This section is from the book "The Standard Cyclopedia Of Horticulture Vol2", by L. H. Bailey. See also: Western Garden Book: More than 8,000 Plants - The Right Plants for Your Climate - Tips from Western Garden Experts.
Insects can see, feel, hear, taste and smell, and they may also possess other senses, as a sense of direction. Many insects have two kinds of eyes. On each side of the head the large compound eye is easily recognized (Fig. 1294); each compound eye is composed of many small eyes, from fifty in some ants to many thousands in a butterfly or dragon-fly. Between these compound eyes, from one to four simple eyes are to be found in many adult insects. Caterpillars and other larvae possess only simple eyes. It is thought that each facet of the compound eye sees a part of an object; thus the whole eye would form a mosaic picture on the insect's brain. The simple eyes doubtless see as our eyes do, and seem to be best adapted for use in dark places and for near vision. Insects do not see the form of objects distinctly, but their eyes are doubtless superior to ours in distinguishing the smallest movements of an object. It is now supposed that no insects can distinctly see objects at a greater distance than 6 feet. It must be a sixth sense, a sense of direction, which enables the bee to find its way for a mile or more back to its home. Insects are doubtless able to distinguish the color of objects, and some insects seem to prefer certain colors.
Blue is said to be the favorite color of the honey-bee, and violet that of ants; ants are also apparently sensitive to the ultra-violet rays of light, which man cannot perceive. It is generally supposed that the shape and high colors of flowers attract insects; but recent experiments seem to show that insects are guided to flowers by the sense of smell rather than by sight. The hard outer skin of an insect has no nerves distributed in it, hence it is not sensitive; but it is pierced with holes, in which grow hairs that are in connection with nerves at their base. It is by means of these sensory hairs that insects feel, and are sensitive to touch on most parts of the body. Doubtless insects are not deaf, for we know that many of them make sounds, and it must naturally follow that they have ears to hear, for there is every reason to suppose that they make these sounds as love-songs to attract the sexes, as a means of communication, or possibly to express their emotions. Some think that bees and ants hear sounds too shrill for our ears.
Insects have no true voice, but produce various noises mechanically, either by rapid movements of their wings, which causes the humming of bees and flies, or by friction between roughened surfaces on the body or its appendages, thus producing the rasping sounds or shrill cries of some crickets and grasshoppers. The house-fly hums on F, thus vibrating its wings 335 times in a second, while the wing tone of the honey-bee is A. Usually the males are the musicians of the insect world, but it is the female of the familiar mosquito which does the singing, and the "biting" also. The male mosquito doubtless hears the song of his mate by means of his antennae, as the song causes the antennal hairs to vibrate rapidly. Organs which are structurally earlike have been found in "various parts of the body of insects. The common brown grasshoppers of the fields have a large ear on each side of the first segment of the abdomen; one can easily distinguish with the naked eye the membrane or tympanum stretched over a cavity. Many of the long-horned green grasshoppers, katydids and crickets have two similar ears on the tibia of each front leg. Some think that mosquitos have the faculty of the perception of the direction of sound more highly developed than in any other class of animals.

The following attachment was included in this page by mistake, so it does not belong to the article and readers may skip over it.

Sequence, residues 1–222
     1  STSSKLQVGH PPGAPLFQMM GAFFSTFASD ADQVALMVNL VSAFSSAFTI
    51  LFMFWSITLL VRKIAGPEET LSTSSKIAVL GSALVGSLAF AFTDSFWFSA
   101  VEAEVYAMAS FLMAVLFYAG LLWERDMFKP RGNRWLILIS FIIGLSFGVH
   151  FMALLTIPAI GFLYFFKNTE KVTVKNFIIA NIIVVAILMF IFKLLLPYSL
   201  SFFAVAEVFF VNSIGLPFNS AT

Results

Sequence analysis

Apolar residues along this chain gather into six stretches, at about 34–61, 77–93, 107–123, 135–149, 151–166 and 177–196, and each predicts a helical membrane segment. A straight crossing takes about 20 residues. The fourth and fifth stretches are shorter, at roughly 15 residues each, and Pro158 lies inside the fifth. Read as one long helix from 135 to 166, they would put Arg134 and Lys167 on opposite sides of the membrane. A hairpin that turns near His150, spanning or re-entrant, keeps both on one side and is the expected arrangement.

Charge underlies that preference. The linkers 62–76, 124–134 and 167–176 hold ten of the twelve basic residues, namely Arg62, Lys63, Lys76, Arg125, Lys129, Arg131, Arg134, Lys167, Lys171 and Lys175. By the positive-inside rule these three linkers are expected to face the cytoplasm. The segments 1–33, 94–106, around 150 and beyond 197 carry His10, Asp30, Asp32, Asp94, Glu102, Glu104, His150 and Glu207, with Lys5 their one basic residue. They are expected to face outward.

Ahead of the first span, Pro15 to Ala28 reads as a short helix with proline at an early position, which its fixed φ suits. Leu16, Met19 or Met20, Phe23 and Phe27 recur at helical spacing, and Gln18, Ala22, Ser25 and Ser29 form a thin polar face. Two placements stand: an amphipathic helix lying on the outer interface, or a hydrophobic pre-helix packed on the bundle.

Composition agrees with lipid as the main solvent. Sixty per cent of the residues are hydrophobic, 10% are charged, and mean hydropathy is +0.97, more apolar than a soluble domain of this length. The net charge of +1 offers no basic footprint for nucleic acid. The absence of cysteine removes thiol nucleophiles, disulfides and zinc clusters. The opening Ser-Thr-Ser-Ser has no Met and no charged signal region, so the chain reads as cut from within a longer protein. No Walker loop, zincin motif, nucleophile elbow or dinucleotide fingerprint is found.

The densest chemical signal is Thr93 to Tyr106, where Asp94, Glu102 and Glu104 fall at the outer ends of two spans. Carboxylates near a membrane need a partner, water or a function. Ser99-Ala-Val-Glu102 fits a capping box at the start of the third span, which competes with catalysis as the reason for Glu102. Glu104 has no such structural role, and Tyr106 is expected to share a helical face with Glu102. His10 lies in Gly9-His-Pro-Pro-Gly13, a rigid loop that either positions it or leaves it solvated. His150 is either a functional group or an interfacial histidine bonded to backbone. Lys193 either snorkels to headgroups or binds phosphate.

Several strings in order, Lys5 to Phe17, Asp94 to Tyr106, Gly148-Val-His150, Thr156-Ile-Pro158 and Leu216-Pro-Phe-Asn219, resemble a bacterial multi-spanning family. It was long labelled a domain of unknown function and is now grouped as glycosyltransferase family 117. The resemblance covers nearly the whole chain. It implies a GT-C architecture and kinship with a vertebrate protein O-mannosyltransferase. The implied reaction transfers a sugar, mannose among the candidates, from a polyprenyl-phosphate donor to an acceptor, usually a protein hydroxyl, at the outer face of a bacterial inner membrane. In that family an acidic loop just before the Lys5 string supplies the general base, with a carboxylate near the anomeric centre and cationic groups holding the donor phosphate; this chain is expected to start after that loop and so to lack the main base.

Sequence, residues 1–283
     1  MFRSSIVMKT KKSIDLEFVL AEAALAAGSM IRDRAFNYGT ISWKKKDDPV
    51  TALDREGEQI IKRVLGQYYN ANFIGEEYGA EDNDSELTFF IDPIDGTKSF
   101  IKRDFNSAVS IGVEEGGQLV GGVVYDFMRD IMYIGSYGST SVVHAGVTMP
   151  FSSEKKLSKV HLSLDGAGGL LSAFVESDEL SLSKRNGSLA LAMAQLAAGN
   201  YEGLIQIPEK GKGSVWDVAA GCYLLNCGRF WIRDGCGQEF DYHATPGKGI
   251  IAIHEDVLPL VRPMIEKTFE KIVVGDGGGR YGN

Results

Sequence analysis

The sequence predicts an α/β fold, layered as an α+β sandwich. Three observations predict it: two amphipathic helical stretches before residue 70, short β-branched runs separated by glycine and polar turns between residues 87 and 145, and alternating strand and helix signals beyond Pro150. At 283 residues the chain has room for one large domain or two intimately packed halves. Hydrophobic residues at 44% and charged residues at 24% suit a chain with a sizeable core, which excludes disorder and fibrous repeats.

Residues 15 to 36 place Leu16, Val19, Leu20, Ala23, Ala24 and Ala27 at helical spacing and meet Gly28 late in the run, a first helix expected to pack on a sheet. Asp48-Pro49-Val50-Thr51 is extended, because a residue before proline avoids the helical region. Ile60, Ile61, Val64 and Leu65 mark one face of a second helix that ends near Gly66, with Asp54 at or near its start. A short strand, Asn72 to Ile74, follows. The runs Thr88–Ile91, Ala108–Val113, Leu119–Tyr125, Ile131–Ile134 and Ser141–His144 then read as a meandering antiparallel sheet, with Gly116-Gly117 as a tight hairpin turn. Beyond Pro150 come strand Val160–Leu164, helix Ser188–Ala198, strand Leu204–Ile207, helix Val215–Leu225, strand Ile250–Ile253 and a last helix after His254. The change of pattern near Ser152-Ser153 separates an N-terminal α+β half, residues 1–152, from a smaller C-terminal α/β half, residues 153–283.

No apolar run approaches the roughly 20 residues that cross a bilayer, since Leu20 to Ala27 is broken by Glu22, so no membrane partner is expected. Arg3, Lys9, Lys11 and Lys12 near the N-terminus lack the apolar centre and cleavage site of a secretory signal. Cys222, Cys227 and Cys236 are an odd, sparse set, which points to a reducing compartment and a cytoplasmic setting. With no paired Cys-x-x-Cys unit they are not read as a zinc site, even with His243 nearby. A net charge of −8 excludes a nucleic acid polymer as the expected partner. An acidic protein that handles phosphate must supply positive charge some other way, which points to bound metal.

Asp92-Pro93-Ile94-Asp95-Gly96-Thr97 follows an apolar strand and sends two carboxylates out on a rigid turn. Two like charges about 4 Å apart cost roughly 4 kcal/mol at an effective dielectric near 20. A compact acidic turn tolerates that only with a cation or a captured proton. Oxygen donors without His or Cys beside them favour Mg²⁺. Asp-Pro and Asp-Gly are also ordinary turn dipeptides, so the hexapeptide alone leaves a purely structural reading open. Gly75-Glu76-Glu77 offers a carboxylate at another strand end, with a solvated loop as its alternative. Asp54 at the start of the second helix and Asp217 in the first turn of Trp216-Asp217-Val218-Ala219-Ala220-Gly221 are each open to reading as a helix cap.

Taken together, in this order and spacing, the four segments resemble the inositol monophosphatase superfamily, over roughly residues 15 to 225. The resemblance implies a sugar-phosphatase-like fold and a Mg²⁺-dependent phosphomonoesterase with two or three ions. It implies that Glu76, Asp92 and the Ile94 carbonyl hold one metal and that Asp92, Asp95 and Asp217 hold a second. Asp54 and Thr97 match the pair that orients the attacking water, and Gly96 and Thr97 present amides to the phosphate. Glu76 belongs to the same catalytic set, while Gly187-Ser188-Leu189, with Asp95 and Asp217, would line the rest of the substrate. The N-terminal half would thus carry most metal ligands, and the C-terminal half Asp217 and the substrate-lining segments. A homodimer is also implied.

Insects undoubtedly possess the sense of taste. When morphine or strychnine was mixed with honey, ants perceived the fraud the moment they began to feed. The substitution of alum for sugar was soon detected by wasps. Bees and wasps seem to have a more delicate gustatory sense than flies. Taste organs have been found in many insects, and are usually situated either in the mouth or on the organs immediately surrounding it. Many experiments have shown that the antennae are the principal organs of smell in insects. Blow-flies and cockroaches which have had their antennae removed are not attracted by their favorite food, and male insects find their mates with difficulty when deprived of their antennae. The familiar world which surrounds us may be a totally different place to insects. To them it may be full of music which we cannot hear, of color which we cannot see, of sensations which we cannot perceive. Do insects think or reason? Why not? Their actions are said to be the result of inherited habit or instinct.
But some of them have been seen to do things which require the exercise of instinctive powers so acute and so closely akin to reason that one can hardly escape the conclusion that some insects are endowed with reasoning powers.
Fig. 1297. Nymphs of the four-lined leaf-bug, and adult of the tarnished plant-bug.
The smaller one at the left is the nymph recently hatched. The next is the nymph after the first moult. The imago is shown at the right. Hair lines at the right of nymphs, and small figure near imago indicate the natural size.
Fig. 1298. Larva of a sphinx moth.